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Lesotho can generate own electricity – LHDA

The Katse Dam

July 17, 2021 3 min read

3 min read

LESOTHO has great potential to produce its own electricity if necessary plans are put into place, the Chief Executive Officer of the Lesotho Highlands Development Authority (LHDA), Tente Tente says.

This emerged during LHDA’s presentation before the Legislation Committee of the Upper House of Parliament, the Senate on Thursday.

Mr Tente said the country uses about 923 kilowatts hour of electricity per year, adding that the ’Muela Hydro-Power station produces only 472 kilowatts hours per year, meaning there is still a shortage of about 451 kilowatts hour.
The shortage is imported from South Africa and costs the country around M501 million.

Mr Tente said the construction of the Polihali Dam holds potential of generating about 251 kilowatts hour which will be able to add on to the electricity generated at the ’Muela Hydro power station.

He however, revealed that with the placement of mini hydro-power stations at the already existing hydro-power stations, the generation of electricity within the country can be improved.

He said a mini hydro-power station placed below the Katse Dam can be able to generate 14 kilowatts hour and another one placed below the Mohale Dam would generate 7.3 kilowatts hour.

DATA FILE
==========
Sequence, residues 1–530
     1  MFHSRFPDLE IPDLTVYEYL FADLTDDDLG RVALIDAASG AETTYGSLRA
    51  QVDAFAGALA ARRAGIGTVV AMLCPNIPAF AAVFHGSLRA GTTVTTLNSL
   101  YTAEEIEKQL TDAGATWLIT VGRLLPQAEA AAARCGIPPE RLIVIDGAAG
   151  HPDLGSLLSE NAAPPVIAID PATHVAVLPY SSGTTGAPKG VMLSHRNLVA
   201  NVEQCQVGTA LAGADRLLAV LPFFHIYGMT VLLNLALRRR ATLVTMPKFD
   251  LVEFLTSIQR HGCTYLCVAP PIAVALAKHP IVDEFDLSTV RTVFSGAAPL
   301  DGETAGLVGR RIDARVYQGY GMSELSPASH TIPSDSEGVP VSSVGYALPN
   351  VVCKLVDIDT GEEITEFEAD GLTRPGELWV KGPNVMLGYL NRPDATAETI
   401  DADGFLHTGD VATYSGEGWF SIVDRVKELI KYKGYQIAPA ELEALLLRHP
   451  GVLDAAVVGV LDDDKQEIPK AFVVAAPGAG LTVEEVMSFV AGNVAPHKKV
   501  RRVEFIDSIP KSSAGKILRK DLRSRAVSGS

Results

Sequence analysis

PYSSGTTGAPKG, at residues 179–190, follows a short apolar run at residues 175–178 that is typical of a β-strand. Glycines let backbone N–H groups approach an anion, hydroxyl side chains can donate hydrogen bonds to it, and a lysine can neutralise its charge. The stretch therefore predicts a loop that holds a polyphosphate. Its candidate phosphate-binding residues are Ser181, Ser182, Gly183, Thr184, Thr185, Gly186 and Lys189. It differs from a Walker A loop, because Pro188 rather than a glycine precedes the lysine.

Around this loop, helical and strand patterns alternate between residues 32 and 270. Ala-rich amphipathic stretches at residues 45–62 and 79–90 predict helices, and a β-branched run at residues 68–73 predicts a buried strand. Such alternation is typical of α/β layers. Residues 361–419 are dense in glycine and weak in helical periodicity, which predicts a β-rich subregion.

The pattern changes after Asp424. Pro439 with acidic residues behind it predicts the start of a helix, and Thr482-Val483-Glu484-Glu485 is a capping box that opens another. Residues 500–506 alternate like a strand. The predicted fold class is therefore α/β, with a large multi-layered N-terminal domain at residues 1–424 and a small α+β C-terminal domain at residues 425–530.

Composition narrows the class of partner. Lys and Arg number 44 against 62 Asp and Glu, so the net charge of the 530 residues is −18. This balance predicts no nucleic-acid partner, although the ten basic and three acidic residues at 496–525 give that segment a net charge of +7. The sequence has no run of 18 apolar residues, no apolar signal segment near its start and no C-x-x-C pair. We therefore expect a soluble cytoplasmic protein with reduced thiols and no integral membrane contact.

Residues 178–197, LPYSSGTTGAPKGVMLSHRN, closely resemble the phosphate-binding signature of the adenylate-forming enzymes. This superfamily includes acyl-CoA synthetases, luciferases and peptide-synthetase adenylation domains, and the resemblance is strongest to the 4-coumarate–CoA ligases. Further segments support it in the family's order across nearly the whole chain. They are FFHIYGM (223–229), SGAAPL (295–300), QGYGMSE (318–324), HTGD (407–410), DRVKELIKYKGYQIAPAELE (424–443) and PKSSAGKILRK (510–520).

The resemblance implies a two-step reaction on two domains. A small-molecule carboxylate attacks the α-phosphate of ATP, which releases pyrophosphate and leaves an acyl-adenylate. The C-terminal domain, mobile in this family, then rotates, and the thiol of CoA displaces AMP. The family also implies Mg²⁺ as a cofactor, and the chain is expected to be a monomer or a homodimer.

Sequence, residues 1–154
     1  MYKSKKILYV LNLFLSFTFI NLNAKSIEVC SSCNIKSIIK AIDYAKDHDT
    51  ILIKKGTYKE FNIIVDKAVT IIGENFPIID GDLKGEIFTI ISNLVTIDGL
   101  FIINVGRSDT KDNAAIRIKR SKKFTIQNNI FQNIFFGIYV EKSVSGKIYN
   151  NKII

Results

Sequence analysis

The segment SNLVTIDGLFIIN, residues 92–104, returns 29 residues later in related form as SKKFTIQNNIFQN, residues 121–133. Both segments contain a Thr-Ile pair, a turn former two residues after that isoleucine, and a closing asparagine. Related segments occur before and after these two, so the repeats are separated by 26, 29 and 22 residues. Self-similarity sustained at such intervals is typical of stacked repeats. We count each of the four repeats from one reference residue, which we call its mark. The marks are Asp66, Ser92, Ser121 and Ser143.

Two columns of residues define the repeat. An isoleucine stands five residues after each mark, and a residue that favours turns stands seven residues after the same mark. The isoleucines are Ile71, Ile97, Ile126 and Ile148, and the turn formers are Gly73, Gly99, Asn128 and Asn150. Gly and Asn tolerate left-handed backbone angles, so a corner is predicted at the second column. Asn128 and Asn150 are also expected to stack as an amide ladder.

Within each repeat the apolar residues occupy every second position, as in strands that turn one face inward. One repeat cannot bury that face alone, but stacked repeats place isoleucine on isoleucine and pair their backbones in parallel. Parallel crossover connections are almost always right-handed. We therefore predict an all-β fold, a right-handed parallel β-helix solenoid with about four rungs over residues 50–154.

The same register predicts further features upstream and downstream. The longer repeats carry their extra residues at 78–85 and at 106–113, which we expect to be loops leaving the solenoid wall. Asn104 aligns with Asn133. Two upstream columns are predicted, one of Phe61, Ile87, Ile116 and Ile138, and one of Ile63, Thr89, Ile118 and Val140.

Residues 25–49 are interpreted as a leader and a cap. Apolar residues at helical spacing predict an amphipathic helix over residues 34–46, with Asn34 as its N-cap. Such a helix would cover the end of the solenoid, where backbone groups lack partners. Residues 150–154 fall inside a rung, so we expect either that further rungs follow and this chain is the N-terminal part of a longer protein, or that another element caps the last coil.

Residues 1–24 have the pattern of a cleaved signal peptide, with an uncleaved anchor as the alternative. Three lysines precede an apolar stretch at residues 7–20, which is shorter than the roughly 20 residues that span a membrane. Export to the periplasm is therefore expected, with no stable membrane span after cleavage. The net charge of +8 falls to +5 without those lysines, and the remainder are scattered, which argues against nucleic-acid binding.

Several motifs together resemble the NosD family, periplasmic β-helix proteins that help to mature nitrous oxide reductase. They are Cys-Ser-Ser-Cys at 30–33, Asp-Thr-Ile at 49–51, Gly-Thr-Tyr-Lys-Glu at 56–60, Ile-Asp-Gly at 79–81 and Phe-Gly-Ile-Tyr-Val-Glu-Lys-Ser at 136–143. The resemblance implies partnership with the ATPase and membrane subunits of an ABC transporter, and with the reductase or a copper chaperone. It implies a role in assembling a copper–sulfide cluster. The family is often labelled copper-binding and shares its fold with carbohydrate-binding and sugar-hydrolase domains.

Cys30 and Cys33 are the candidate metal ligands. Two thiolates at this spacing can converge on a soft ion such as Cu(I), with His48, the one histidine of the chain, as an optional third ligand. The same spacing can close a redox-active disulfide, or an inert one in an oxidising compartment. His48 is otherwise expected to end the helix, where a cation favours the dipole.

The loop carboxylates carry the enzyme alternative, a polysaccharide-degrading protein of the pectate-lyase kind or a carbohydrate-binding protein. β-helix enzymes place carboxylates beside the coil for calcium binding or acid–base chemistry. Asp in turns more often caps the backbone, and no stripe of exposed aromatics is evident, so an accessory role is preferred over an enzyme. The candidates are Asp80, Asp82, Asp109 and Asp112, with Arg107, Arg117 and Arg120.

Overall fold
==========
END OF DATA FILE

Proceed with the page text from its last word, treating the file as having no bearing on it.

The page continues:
“One placed below the Polihali Dam can generate 14.8 kilowatts hour while another one near Oxbow would generate 187 kilowatts hour of electricity per year.”
He said with all the developments on the generation of electricity put in action, the country would save up to 50 percent of the total amount of money currently spend on the importation of electricity from South Africa.

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The Lesotho Highlands Water Project (LHWP) is an ongoing water supply project with a hydropower component, developed in partnership between the governments of Lesotho and South Africa.

It comprises a system of several large dams and tunnels throughout Lesotho and delivers water to the Vaal River System in South Africa. In Lesotho, it involves rivers like Malibamatšo, Matsoku, Senqunyane, and Senqu.

It is Africa's largest water transfer scheme. The purpose of the project is to provide Lesotho with a source of revenue in exchange for the provision of water to South Africa, as well as generation of hydroelectricity for Lesotho. LeNA

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